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A project to provide enhanced neutron scattering capability at the highest energy transfers


Original research objectives:
ISIS, the world's most intense pulsed source, provides a unique opportunity for the development of new applications of neutron scattering into hitherto uncharted regions of energy and momentum transfer. The exploitation of the intense epithermal neutron flux produced at ISIS has been so far largely unexplored. VESUVIO project aims to set up as a new instrument at ISIS in order to investigate the feasibility of high-energy neutron scattering in the study of single particle momentum distributions in different areas of scientific interest, in both pure and applied science. Studies in this field with eV neutrons provide additional and/or complementary information to other spectroscopic techniques, e.g. deep inelastic scattering of electrons from nuclei and Compton scattering of photons from electrons.

VESUVIO project is based around the following deliverables:
- improved resolution for measurements with eV neutrons
- better detection techniques for eV neutrons
- very high count rate data acquisition systems
* better understanding of the interaction of eV neutrons with condensed matter
(R&D in high energy neutron scattering spectroscopy).

Expected deliverables:
1. To improve analysis and detection techniques for neutrons with eV energies.
VESUVIO was specifically designed for high momentum and energy transfer inelastic neutron scattering studies of microscopic dynamical processes in materials and will represent a unique facility for EC researchers.

1.1 To improve the energy resolution by resonant foil cooling.
At eV energies the only efficient method of energy analysis is via nuclear resonance absorption. Uranium foils have three nuclear resonances centred at E1= 6.7 eV, 20.7 eV and 37 eV, which absorb neutrons strongly over narrow energy ranges. The scattering technique consists of cycling the foil in and out of the scattered neutron beam so that two measurements are taken, one with the foil between sample and detector and one with the foil removed. The difference between these two data sets (i.e. the number of neutrons absorbed by the foil) is the experimental signal and provides a measurement of the intensity of neutrons scattered with final energy E1. The width of the nuclear resonance used for energy analysis contributes to the finite resolution of the spectrometer. Although the intrinsic width of the U resonances is small, at room temperature these widths are significantly Doppler broadened by thermal motion. We proposed to improve the resolution of the analyser by cooling the foil to <50 K in a closed cycle refrigerator to reduce the Doppler broadning.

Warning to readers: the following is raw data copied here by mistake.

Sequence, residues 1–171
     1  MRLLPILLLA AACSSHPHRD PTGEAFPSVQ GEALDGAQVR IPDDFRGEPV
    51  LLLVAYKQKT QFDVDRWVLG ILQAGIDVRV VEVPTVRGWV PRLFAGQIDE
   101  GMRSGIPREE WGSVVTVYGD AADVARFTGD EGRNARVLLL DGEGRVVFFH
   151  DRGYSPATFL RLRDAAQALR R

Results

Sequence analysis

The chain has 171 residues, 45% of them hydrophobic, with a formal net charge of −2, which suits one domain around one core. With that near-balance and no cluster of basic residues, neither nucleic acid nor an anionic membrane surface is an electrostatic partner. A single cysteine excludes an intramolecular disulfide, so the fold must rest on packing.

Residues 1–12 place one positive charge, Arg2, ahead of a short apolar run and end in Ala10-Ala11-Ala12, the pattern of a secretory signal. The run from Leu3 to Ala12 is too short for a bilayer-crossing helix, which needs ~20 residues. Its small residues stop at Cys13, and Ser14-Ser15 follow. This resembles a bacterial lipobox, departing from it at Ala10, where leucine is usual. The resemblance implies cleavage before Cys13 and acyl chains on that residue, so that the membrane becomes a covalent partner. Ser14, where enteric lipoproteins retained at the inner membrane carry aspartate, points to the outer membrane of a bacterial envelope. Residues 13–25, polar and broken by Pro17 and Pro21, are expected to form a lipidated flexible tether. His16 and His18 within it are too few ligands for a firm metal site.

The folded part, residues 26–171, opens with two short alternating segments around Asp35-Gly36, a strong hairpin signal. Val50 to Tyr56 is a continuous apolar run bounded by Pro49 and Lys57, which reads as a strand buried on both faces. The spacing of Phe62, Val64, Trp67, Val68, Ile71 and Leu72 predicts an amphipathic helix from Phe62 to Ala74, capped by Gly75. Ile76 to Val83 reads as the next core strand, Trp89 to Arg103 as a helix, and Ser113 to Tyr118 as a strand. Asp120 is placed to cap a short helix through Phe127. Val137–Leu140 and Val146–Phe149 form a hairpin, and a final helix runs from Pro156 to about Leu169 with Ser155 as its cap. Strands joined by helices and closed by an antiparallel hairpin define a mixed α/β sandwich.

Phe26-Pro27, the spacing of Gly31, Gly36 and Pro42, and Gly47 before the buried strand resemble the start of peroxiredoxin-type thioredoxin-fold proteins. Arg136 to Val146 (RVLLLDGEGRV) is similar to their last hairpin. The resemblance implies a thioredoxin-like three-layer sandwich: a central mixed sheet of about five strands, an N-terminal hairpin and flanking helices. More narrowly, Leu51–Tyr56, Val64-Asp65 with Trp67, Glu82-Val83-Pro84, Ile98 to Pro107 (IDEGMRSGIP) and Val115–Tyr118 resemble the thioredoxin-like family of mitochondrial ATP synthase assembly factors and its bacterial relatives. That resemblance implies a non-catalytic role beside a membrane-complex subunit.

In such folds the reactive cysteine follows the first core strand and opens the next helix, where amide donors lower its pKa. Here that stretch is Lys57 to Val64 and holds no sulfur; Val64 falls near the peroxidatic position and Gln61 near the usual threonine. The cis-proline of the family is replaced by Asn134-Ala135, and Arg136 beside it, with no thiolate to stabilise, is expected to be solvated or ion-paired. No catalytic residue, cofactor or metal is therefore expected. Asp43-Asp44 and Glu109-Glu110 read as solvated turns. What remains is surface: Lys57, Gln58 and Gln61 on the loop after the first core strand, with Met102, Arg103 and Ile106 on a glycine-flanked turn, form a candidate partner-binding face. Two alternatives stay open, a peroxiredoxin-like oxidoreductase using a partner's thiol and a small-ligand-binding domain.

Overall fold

The INFM/Rome group was the partner responsible for this task.

1.2 To optimise and construct a detector bank for eV neutrons.
Conventional He gas counters are not suitable for use at eV energies since the low neutron absorption cross-section makes their detection efficiency low. Furthermore the dead times in He detectors are long and faster detectors are required to cope with the large instantaneous count rates. We built a high efficiency detector with Li doped scintillator glass, based on the prototype eVS detectors already in operation. The scintillations are detected as light pulses by photo-multiplier tubes. We explored the optimisation of the photo-multiplier tubes, in respect of their location against the Li doped scintillator glass. A detector bank was constructed which can be oriented along any azimuth, but mainly about, 145?-175?. Accruing the improvements from this work into the final design of the detectors. This new detector provides an overall increase in neutron count rate by a factor of at least two.